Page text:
Using magnetic resonance imaging (MRI), researchers studied the brain structures of 614 patients with a mean age of 62, who had all been diagnosed with type 2 diabetes for an average of 10 years. They found that long-term diabetes was associated with the greatest loss of brain tissue – suggesting brain atrophy.
“It’d been thought that most, if not all, of the effect of diabetes on the brain was due to vascular disease that diabetics get and, therefore, stroke,” lead study author Dr. R. Nick Bryan, chair and professor emeritus of the department of radiology at the Perleman School of Medicine at the University of Pennsylvania, told FoxNews.com. “We found that in addition to that, there’s sort of diffuse loss of brain tissue, atrophy… we think may have a direct effect of the diabetes on the brain.”
Researchers noted that the greatest reduction of volume was seen in the brain’s gray matter, where the organ’s neurons are located. The shrinkage of gray matter is often regarded as the start of the neurodegenerative process. Since patients with diabetes have been previously shown to have a higher risk of Alzheimer’s disease, the findings suggest cognitive changes may be related to neurodegeneration.
“[We’re] not saying all [people with diabetes] will get Alzheimer’s, but suggesting that many of them will have worse cognition and worse thinking ability as they get older and probably more of them will get neurodegeneration and Alzheimer’s, than non-Alzheimer’s patients,” Bryan said.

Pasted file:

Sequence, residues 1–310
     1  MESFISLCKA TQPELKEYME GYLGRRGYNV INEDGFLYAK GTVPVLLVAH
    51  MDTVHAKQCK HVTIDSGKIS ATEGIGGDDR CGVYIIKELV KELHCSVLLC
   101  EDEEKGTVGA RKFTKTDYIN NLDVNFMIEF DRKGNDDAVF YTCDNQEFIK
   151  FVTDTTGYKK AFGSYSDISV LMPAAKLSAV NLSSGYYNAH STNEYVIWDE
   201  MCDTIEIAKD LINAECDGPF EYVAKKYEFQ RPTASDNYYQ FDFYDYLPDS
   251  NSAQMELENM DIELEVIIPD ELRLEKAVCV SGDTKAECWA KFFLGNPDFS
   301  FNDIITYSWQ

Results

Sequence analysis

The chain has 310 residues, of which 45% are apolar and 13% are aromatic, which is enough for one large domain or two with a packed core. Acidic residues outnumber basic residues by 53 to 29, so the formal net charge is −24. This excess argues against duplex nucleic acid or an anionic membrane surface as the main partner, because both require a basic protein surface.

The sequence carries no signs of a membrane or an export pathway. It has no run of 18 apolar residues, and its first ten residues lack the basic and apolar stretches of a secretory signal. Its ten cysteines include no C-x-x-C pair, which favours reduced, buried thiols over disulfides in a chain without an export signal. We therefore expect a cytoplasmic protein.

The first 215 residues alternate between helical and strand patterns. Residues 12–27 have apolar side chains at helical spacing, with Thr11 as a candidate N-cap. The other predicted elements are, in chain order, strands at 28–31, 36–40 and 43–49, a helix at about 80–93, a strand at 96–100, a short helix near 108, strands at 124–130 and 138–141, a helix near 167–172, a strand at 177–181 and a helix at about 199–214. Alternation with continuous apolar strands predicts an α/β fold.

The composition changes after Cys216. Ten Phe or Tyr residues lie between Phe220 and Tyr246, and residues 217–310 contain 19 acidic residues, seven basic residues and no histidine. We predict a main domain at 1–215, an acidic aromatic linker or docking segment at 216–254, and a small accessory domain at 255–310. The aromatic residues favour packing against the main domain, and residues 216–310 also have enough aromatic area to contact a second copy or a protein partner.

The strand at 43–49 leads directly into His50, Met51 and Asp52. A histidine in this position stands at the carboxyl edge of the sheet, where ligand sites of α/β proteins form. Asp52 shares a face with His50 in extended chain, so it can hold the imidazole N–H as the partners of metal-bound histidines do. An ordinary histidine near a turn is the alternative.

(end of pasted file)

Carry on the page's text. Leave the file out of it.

The findings suggest that for every 10 years of diabetes duration, the brain of a diabetes patient looks approximately two years older than that of a non-diabetic person – with regards to gray matter volume.
“One thing that’s pretty clear was that the adverse effect of diabetes was significantly worse in patients who had diabetes longer,” Bryan said.
Researchers point out that, for people with diabetes, proper care is a priority.
“[Patients] need to take the maximum effort to cooperate with physicians… to manage diabetes and blood sugars as well as they possibly can to try to decrease or prevent the damage of diabetes to the brain and ability to think later on in life,” he said. “[Diabetes] significantly affects all the organs in the body; the brain is one that is affected significantly perhaps in not just one, but two ways— not just vascular that we know about, but as a primary or direct assault on the brain.”